Liked by 4 people

  12. Anybody know anything about RightNow Media? Our church put out an offer to let people use that. Wondering if it is worth the time.

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  13. 6 Arrows – I have had similar seemingly over-reactive or unconnected emotional responses to various things at times. (And not just since Hubby died.) Sometimes I eventually figure out why I felt that way, but sometimes (maybe most of the time) I don’t. Praying for peace and calm in your heart.

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  14. Thank you, Kizzie, and others who prayed. I feel at peace now. The person I spoke with this morning on the phone and this afternoon in person was genuine, and came through. Situation resolved.

    Thank you, Lord.

    But I still ask, why do I continually act as if my peace (or lack thereof) is dependent on circumstances? A question I’ll probably never know the answer to while on earth.

    Time to fix supper, eat, and go to the Christmas piano concert. I will enjoy sitting back, listening to my friends play their music. Then I’ll be playing my three selections, which end the program.

    Thanking God for another good end to the day. (At least I’m anticipating that.)

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  15. 6 Arrows, I feel that what you are witnessing is a reminder of the fragility of life and the overall insignificance, on a worldly level, of our own little personal kingdoms. What you described reminds me greatly of how it has been felt in dismantling our church. At times it has felt horrifying because of losses experienced by dear older people associated with certain ministries that are no more. I am sorry to hear of your great sadness. A lot has to do with looking to the future for gains that could not have occurred except for the losses happening. If God has good plans then we need to keep looking ahead to where He is making things happen. Another factor you may be dealing with is having to admit to how little control we actually have over what happens in our lives. Each new loss feels like a chip off of the imagined block of control we hold over our lives and the lives of our loved ones (including beloved neighbors). Could that be part of it, too?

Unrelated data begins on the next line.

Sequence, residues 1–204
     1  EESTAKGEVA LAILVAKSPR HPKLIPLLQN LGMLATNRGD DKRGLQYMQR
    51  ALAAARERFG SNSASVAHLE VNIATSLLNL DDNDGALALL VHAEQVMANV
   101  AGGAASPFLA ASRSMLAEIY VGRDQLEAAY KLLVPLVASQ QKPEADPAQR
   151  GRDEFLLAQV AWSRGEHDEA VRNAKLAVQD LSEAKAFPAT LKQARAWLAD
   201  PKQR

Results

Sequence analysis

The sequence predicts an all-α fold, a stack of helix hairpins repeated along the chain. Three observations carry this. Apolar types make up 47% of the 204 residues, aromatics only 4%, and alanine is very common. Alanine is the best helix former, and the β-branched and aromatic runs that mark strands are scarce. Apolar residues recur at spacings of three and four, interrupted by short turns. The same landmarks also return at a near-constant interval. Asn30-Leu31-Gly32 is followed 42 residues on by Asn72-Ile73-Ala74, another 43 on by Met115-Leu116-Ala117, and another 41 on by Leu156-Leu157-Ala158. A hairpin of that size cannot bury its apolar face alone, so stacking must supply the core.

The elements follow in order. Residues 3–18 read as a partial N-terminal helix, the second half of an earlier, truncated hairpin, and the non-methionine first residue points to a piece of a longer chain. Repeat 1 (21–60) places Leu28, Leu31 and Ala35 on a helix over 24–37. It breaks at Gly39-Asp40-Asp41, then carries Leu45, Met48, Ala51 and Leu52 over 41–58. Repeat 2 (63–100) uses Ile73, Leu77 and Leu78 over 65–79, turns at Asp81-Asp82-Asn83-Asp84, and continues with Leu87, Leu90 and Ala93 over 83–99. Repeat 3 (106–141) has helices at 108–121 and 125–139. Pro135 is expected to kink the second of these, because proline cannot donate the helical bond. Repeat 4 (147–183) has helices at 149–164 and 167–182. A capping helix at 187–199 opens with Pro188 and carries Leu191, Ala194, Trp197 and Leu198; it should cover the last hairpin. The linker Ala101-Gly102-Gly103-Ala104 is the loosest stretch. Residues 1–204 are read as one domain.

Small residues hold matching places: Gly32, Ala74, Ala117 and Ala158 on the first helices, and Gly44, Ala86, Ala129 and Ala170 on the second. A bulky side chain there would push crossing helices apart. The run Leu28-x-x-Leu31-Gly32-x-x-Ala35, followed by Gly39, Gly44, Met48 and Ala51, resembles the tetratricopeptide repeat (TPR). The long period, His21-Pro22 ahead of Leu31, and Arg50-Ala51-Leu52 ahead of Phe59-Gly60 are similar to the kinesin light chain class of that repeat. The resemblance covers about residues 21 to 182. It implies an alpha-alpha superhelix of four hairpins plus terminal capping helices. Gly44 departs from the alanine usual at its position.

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  16. In looking at the header, I saw it as a snow covered field with the stubble of former crops poking up through the snow. I saw one flying white bird. That is what I viewed on my small phone screen through my cateracts. That was why I said it looked like a cold place. Now I want to see what y’all said is there!

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  17. 6 Arrows, change is hard, and in our culture at this moment in history we are assaulted by constant change–more than we were created to handle. The loss of 25% of the houses, and the households, on your street is a major one. You also probably have some uncertainty about what will go in its place.